From the Mexican border to the Arctic Ocean


The Kayak Academy

Kayak Academy

Beale Paddles

Beale Paddles

Rimini Web Design

Rimini Corporation

Spot - Live to Tell About It


Sea Kayak Shop

Sea Kayak Shop

Anacortes Kayak Tours

Anacortes Kayak Tours

Odyssey Kayaking
Port Hardy, BC

Odyssey Kayaking

Darrell Endorses:

Cascade Designs

Seal Line

Mystery Photo #1: What am I ?

Mystery PhotoCan you guess what this is?  Darrell took this photo as he walked Southern California.  If you can guess what is in the picture, make an entry to our guestbook to say what you think.  (Those of you who we've already told, shhhhhh, keep it secret for now!) In mid-August, I'll write the answer here...









Well, good job everyone! We've gotten some very creative and fun guesses on this mystery photo.  Water bag, baby hammock, food stash, laundry bag... It looks like it could be any one of those things, but it's not!

What you see here is the result of wildfire.  It's a metal sign that suffered the intense heat of a fire.  The sign's sturcture survived, but the plastic that covered it melted and then hardened into this shape.  It looks soft and cushy, doesn't it?  But it's hard as rock.

Mystery Photo #2: Guess the Gear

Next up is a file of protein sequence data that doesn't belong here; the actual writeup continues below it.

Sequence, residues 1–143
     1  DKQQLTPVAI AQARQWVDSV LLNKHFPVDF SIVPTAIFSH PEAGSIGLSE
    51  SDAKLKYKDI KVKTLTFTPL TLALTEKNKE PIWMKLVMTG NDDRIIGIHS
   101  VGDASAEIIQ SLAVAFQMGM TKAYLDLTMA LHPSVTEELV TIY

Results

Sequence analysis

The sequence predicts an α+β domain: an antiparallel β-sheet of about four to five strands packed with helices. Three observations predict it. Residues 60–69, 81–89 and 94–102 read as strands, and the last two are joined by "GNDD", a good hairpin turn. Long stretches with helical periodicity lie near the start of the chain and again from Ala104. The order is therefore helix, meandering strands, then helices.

Mystery GearHere's a picture of Darrell's gear, unpacked and spread out on the ground.  I've drawn an arrow to one particular item that he purchased espeically for this trip.  It has to do with safety.  Can you guess what it is?  Okay, post your ideas in the guestbook again...


Correct identification by fellow hiker Alan Lam!  He posted in the guestbook on August 27th that this is a bear cannister, a.k.a. a bear barrel.  All of Darrell's food is in this plastic barrel, which has a bear-proof locking system to the lid.  With this, Darrell doesn't have to hang his food in trees.  A bear might play soccer with the cannister, but he'll not succeed in opening it.  Experience has shown that bears eventually get bored trying to open these and leave 'em alone.  Finding food is serious business for any animal that hibernates, and they cannot afford to waste too much time when the food eludes them.  In bear inhabited areas, hikers must, by law, either hang their food or use one of these barrels.  When you're up at these altitudes, it can be really difficult to find a tree that offers branches high enough to hang food, so these cannisters come in real handy.  Even if there is a good tree, hanging food can be difficult, especially when you're tired and just want to crawl into your tent at sleep.  The barrels alleviate that problem entirely.

However, Darrell is just about out of the more serious bear territory.  He's going to send this cannister home and just hang his stuff from now on.  He's tired of carrying it.  It adds an extra 2.5 pounds after all...